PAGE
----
From Longman Dictionary of Contemporary Englishdebatede‧bate1 /dɪˈbeɪt/ ●●●S2W2AWL noun 🔊 🔊 1[countable, uncountable]discussion of a particular subject that often continues for a long time and in which people express different opinions 🔊 the gun-control debate in the US 🔊 The new drug has become the subject of heated debate within the medical profession.debate over/about 🔊 There has been widespread public debate over the introduction of genetically modified food. 🔊 There was much lively debate about whether women should spend more time in the home. 🔊 A fierce debate raged over which artist’s work should be chosen for the prize.debate between 🔊 the ongoing debate between environmentalists and the road-building lobby over the future of our countryside 🔊 Nuclear power has always been a topic that has sparked off considerable debate.2[countable, uncountable]DISCUSS a formal discussion of a particular problem, subject etc in which people express different opinions, and sometimes vote on themdebate on/over/about 🔊 a debate on legalized gambling 🔊 a televised debatehave/hold/conduct a debate 🔊 It would have been better to hold the debate during the day.be under debate 🔊 What topics are under debate in Congress this week?3 →be open to debateCOLLOCATIONSadjectivesconsiderable debateThere has been considerable debate about the way forward for education.lively debate (=interesting and involving a lot of different opinions)The conference produced some lively debate.intense debate (=in which people put forward strong and different arguments)The future of the nuclear industry has been a matter of intense debate.a heated/fierce debate (=in which people express strong opinions in an angry way)There has been a fierce debate over the way the war was fought.a wider debate (=involving more people or a more general discussion)We believe that there should be a wider debate on such an important issue.a public debate (=in which people put forward their ideas publicly, so that everyone can form an opinion.)He called for a public debate on race and discrimination.national debate (=one that involves everyone in a country)It is time to start a national debate on the future of the health service.political debate (=involving members of political parties)There was much political debate on pensions reform.long-running debate (=continuing for a long time)the long-running debate about the future of our inner citiesongoing debate (=still continuing)This is unlikely to be the final word in this ongoing debate.verbshave a debateI think we should have a public debate on this issue.provoke/spark/trigger debate (=cause a debate to start)The episode provoked fierce debate about freedom of speech.stifle debate (=prevent people from having a debate)How can the party stifle debate on such an important issue?debate rages (=happens over a period of time and and involves strong feelings)A national debate is now raging over the level of youth crime.phrasesbe the subject of debate (=be something that people discuss)Teaching methods have long been the subject of debate.be a matter of debate (=be something that people have discussed)The effectiveness of the government’s policy has been a matter of fierce debate.be a matter for debate (=be something that people should discuss)The future of the police force is a matter for public debate.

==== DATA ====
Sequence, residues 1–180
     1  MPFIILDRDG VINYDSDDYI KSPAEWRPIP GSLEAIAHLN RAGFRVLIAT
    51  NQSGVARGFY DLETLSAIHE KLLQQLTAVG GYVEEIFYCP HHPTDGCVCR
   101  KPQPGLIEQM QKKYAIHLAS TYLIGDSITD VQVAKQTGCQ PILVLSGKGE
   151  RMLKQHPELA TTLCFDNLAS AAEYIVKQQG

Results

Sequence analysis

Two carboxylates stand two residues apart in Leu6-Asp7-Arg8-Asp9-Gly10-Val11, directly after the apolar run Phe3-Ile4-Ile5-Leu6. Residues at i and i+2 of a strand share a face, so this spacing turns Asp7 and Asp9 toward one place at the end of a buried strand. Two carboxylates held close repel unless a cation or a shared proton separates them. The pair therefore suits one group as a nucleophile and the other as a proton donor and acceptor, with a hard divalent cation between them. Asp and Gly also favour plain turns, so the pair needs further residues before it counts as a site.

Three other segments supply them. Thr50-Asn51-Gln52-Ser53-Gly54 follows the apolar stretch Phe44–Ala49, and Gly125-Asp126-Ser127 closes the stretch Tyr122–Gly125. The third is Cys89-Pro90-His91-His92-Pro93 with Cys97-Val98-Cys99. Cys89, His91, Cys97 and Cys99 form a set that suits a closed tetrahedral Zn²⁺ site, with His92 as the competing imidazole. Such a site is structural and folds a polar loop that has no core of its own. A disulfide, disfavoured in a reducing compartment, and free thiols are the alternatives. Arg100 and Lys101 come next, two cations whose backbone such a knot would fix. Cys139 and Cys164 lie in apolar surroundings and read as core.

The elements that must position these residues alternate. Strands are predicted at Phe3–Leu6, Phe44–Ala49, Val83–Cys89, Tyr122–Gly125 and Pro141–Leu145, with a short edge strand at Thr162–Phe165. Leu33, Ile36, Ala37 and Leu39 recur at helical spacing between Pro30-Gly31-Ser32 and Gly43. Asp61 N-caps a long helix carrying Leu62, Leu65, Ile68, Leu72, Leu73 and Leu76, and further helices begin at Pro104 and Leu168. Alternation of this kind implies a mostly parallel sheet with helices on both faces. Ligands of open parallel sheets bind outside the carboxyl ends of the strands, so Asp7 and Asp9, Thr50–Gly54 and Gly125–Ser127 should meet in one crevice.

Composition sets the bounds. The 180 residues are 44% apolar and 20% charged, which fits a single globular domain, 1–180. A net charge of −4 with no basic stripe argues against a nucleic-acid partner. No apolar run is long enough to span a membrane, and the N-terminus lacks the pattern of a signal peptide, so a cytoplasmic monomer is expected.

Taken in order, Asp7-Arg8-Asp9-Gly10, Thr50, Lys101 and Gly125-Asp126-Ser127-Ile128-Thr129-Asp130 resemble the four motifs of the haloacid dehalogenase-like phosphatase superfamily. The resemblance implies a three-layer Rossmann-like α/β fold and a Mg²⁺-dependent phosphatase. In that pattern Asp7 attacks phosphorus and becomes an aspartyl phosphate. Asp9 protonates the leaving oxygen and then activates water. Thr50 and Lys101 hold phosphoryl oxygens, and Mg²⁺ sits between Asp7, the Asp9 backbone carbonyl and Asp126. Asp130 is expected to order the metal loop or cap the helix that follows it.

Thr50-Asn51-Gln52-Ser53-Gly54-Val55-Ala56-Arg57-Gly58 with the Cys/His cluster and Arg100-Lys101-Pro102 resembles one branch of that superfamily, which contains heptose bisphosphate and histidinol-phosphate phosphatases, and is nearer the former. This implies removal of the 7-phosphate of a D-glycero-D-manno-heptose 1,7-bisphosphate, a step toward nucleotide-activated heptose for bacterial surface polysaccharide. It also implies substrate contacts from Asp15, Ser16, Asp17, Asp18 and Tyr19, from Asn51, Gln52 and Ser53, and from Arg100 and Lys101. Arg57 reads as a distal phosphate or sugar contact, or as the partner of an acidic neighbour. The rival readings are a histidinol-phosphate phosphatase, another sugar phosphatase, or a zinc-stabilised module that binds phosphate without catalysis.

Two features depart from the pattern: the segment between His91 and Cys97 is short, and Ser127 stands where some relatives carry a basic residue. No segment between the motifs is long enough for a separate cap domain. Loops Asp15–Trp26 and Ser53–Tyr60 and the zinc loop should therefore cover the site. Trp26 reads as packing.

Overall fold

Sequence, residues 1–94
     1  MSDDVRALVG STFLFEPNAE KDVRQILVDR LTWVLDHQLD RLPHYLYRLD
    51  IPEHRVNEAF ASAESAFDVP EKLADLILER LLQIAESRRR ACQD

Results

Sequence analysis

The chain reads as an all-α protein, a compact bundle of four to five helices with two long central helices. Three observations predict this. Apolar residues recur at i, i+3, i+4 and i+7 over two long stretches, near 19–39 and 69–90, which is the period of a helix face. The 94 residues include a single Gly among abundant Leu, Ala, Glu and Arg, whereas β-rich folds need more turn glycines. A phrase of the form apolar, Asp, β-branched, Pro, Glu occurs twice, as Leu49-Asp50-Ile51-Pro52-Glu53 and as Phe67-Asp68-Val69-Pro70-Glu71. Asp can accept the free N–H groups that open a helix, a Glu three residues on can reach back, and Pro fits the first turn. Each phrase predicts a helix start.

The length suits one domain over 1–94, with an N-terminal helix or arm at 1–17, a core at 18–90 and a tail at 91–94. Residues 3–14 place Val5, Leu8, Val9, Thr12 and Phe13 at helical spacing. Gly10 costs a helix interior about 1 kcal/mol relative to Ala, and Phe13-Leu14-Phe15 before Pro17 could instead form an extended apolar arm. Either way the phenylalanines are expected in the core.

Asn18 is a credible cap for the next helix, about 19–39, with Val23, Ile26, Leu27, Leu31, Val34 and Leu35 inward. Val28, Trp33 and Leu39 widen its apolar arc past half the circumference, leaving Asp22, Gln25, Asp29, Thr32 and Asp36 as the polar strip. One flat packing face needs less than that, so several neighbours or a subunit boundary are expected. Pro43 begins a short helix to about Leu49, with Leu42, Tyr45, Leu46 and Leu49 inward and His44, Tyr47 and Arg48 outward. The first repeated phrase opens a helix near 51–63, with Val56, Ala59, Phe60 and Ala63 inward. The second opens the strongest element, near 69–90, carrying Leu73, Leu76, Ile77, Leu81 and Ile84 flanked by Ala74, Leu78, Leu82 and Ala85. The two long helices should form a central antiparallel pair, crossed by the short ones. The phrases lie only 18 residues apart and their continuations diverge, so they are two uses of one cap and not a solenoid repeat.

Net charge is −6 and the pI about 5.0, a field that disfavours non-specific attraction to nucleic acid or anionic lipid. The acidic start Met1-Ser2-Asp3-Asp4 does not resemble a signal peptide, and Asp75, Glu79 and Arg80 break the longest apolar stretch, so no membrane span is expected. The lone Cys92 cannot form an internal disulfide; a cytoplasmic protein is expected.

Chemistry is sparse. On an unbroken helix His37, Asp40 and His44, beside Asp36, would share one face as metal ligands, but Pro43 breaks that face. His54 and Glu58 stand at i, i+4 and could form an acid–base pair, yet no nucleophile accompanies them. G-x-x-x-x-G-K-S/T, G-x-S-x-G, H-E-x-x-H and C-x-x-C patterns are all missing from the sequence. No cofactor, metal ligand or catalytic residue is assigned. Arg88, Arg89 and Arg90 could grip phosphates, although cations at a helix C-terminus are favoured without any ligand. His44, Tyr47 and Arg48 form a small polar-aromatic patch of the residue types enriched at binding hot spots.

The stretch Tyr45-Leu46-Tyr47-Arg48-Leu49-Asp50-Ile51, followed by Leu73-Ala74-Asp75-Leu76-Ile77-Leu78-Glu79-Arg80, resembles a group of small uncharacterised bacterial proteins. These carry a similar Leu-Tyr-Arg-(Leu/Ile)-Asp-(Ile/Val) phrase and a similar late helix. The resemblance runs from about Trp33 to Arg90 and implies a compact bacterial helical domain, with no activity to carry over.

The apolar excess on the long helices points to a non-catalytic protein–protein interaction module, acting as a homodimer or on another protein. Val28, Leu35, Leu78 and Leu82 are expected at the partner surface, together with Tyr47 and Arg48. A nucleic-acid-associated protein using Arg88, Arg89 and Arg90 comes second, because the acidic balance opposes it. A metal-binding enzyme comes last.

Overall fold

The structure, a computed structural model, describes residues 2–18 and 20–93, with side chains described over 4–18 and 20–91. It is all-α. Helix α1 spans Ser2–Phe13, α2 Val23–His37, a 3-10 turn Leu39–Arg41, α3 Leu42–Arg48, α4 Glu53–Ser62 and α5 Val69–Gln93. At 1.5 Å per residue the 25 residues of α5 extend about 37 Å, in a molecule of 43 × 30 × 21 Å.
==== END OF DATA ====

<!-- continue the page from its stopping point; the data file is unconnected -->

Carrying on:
debate• But later the deputies set the stage for possible compromise by agreeing to debate a referendum after all.• The government clearly refuses to give us an opportunity to debate any longer.• The matter will be debated by the General Assembly.• The new law was debated in Parliament on 14 February.• The Bundesbank centralcouncil will meet Thursday to debate interest-rate and monetary policy.• Few areas of nutrition are more hotly debated than whether or not people should take vitaminsupplements.• We were debating the best way to reach the river, when a passing rangerkindlypointed it out.• We have spent three days debating the council tax.• He was mournfully re-enacting the conversation between two officials, as they debated the merits of revoking a pass-interference penalty.• They were no longer debating the rights of man at a Club for Equality and Reform.• Whilst the consequences of these changes may be hotly debated, their marketing impact on business enterprises has been immense.• They had already debated where to go on vacation, Yosemite or Lake Tahoe.• We debated whether to fly or go by train, finally deciding on the train.debate whether/what/how etc• Why is it that the Government do not want to debate what is happening in Renfrewshire?• She debated whether she would do the church first or the vicarage.• Reams of paper have been used to debate what tag-questions, for instance, mean.• And why do firmsdebate whether they are correctly leveraged?• The hour had long since passed for his call to Virginia Stillman, and he debated whether to go through with it.• Derek debated whether to telephone Charlotte Ladram and offer his condolences, but, in the end, he decided not to.• Today, there is no formal structure to investigate or even debate whether UFOs have skipped through our atmosphere.debate with yourself• Would it, Celia debated with herself, be wrong now to ask her to become a godparent?• I debated with myself but in the end, I could not bring myself to pack up and leave.• He returned to the quad, glumly debating with himself what to do next.• He debated with himself whether to stay and so riskcapture or leave while the exit was clear.